Well it feels like that nine weeks flew by. I had grand intentions of updating regularly about our test driving experiences with the plug-in Prius, but at the end of the day, I suppose blogging about cars (even free cars) is not exactly my cup of tea.
The coolest thing about our experience with this car is the fact that we were able to charge it via our solar panels, therefore, all of my errands were nearly 100% solar powered. How cool is that? Pretty cool, I'd say.
However, there's the ginormous pink elephant of a question of whether or not the environmental cost of manufacturing this vehicle is worth the perceived "green-ness" of driving it? I've been hearing for years that the Prius is not as "green" as people like to think it is. In fact, it's a lot easier to find negative commentary about the Prius than positive. Apparently research is showing that while the Prius uses less fuel than most vehicles (keeping the air you breathe cleaner), the manufacturing and disposal of the nickel-metal batteries that power the hybrids are detrimental to the environment (where the metal is mined, and where/how the batteries are manufactured and disposed of). It seems like a classic NIMBY (not in my back yard) problem. We can feel good about our surrounding environment driving a Prius, knowing that we're not spewing fumes - but across the way - there are environmental atrocities happening in order to mine and manufacture the batteries, and then years later, to dispose of them. It's like caring about this environment over here, but not that one, over there.
For example, this report suggests that a Hummer (cringe) is, in fact more environmentally sound than the Prius. Yikes! That's a scary thought. And this article concludes that, "If you want your commute to have as little impact on the environment as possible, the Prius is one of the worst (and most expensive) ways to do it." The author goes on to say that the best car for the environment is a diesel, like our Golf, especially if it's run on recycled bio-fuels. I do love our Golf, but it's a bit small now that our life includes a car seat... although they do make TDI wagons. Hmm. (Honey...? Maybe a TDI wagon is in our future?)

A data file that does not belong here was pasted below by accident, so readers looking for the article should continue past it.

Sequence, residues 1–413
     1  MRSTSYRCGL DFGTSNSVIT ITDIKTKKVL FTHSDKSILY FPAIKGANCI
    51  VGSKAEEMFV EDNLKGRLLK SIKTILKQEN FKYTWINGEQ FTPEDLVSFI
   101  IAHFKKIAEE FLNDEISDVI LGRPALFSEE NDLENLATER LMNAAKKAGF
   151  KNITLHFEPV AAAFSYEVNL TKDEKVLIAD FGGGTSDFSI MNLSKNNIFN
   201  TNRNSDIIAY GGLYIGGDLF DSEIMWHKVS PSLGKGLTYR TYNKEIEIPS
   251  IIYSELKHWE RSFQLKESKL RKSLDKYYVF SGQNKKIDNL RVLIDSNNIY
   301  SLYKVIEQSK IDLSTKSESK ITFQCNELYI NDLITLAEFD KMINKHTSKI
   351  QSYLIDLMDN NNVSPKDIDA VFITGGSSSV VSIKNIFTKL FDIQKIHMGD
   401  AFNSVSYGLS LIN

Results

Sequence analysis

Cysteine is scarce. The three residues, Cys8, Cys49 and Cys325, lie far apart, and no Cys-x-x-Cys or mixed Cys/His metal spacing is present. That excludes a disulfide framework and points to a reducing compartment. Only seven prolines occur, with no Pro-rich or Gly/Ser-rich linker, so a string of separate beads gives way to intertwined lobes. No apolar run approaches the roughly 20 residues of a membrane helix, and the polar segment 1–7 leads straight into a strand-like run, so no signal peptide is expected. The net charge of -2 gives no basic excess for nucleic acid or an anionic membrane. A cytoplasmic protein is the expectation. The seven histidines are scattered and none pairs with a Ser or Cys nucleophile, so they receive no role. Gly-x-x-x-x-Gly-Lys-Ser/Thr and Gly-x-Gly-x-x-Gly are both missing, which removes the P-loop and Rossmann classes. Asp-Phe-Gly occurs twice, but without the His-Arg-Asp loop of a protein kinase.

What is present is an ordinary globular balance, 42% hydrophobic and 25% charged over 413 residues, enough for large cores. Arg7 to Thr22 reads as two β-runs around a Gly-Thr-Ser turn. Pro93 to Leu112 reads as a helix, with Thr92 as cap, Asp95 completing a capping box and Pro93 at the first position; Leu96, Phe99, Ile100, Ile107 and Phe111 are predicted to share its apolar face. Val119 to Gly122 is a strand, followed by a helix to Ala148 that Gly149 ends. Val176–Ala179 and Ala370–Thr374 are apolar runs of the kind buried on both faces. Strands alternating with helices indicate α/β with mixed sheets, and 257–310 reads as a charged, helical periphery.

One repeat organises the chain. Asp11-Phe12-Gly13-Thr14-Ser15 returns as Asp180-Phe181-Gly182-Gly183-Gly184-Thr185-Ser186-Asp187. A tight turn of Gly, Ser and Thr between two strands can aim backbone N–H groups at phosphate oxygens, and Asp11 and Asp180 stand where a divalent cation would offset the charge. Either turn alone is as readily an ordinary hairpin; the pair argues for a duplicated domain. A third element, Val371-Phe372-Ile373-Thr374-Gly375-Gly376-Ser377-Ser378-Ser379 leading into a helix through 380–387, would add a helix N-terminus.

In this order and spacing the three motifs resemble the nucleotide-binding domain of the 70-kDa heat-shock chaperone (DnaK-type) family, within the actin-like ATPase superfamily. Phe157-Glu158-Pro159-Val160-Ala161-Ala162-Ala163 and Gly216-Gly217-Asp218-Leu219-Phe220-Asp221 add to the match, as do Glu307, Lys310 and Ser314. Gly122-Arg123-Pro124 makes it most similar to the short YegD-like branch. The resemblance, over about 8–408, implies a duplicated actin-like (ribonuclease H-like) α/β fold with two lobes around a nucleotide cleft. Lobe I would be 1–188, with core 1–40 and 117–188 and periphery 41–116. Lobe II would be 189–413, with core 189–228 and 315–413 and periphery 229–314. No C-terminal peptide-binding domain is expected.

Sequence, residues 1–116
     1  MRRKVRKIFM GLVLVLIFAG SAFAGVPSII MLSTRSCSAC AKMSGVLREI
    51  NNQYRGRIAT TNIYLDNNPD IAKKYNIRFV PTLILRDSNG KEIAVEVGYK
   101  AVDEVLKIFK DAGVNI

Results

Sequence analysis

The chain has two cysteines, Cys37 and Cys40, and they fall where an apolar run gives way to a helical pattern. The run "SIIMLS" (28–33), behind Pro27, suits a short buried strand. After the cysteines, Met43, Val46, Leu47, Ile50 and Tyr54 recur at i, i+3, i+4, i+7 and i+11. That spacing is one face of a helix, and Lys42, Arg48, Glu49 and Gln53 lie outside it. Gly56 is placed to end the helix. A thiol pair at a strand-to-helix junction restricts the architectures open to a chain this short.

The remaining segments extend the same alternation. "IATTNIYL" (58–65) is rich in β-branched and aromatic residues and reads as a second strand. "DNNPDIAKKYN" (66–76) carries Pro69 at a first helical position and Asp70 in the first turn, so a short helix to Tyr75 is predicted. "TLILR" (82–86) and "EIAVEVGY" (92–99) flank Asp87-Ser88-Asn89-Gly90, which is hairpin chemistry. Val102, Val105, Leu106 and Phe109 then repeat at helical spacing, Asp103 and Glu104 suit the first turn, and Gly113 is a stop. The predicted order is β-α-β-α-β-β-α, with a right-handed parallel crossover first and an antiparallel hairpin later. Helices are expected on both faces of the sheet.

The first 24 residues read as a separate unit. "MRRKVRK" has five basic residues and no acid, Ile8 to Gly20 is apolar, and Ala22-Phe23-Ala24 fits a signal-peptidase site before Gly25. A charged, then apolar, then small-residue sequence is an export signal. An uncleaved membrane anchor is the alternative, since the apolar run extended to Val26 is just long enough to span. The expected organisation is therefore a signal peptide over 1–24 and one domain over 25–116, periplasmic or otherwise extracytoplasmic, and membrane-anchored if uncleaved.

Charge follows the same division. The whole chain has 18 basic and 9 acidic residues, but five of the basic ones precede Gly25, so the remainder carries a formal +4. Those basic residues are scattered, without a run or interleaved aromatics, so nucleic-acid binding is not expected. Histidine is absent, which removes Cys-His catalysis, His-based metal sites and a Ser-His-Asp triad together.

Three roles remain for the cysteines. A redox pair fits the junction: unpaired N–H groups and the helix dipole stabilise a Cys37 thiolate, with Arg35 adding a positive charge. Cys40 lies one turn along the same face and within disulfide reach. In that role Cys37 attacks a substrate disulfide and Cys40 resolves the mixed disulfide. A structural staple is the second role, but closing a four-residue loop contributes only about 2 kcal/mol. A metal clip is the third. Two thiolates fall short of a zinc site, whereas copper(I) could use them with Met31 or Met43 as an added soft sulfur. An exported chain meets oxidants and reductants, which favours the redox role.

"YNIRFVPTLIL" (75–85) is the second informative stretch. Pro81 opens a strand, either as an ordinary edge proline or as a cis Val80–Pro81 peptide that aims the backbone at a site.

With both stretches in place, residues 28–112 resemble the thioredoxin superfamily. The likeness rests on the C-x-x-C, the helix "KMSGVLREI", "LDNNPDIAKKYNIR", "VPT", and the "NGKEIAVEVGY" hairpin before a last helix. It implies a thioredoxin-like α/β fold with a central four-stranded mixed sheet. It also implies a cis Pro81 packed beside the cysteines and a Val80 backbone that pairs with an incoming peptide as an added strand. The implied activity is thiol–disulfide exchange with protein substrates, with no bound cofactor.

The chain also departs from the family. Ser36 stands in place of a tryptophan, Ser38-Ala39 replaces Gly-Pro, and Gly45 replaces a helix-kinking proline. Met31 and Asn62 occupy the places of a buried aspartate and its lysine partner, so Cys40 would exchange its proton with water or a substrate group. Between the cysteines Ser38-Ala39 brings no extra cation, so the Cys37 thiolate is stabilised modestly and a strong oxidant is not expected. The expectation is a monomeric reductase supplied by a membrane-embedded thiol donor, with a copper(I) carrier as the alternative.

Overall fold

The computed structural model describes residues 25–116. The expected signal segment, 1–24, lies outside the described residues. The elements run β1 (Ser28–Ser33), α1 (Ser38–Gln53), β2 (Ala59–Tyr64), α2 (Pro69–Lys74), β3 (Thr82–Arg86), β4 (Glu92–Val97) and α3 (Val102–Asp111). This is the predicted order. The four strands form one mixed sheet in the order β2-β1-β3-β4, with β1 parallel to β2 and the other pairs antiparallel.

There's so much information on the web about the environmental impact of the Prius. As with anything on the internet, it's hard to decipher fact from fiction, but there are recurring themes across the board. I'm not sure that accurate comparisons are available for the plug-in model and if its energy usage varies much from a standard hybrid (again, we charged our batteries from our solar panels - which went carbon neutral last year - not a coal fired plant). But at the end of the day, those batteries were built somewhere, and they'll have to be disposed somewhere. I'm neither geeky enough nor motivated enough to figure all of this out on my own (that's what my man is for). Picking a vehicle that's best for hauling people, kids and stuff requires a lot of research if one is to approach the question considering the environmental impact of our decision, and honestly, we can't afford not to consider that, now can we? More and more it seems like a 10 year old diesel vehicle may be the way forward.
Having said all of that, I'm happy that we were given the opportunity to test-drive the plug-in Prius and I'm a little bummed to have to give it back today. The experience was like winning the lottery even though we had to give back all the prizes. The plug-in Prius is a good looking car with a cool user interface and it offers a comfortable ride. And, I have to say, just as many other Prius drivers report, I felt good about myself while driving it (now that's good marketing).
Time to move back into our little Golf.
(Oh, and here's the legal disclaimers I have to include per Toyota's request: (i) the Permitted User received complimentary use of the 2010 Plug In Prius; (ii) the statements made are those of the Permitted User and not of Toyota, and only reflect the Permitted User's experience, which may not be representative of all users' experiences and (iii) Toyota does not warrant the accuracy, completeness and /or applicability of the information to any particular circumstance.)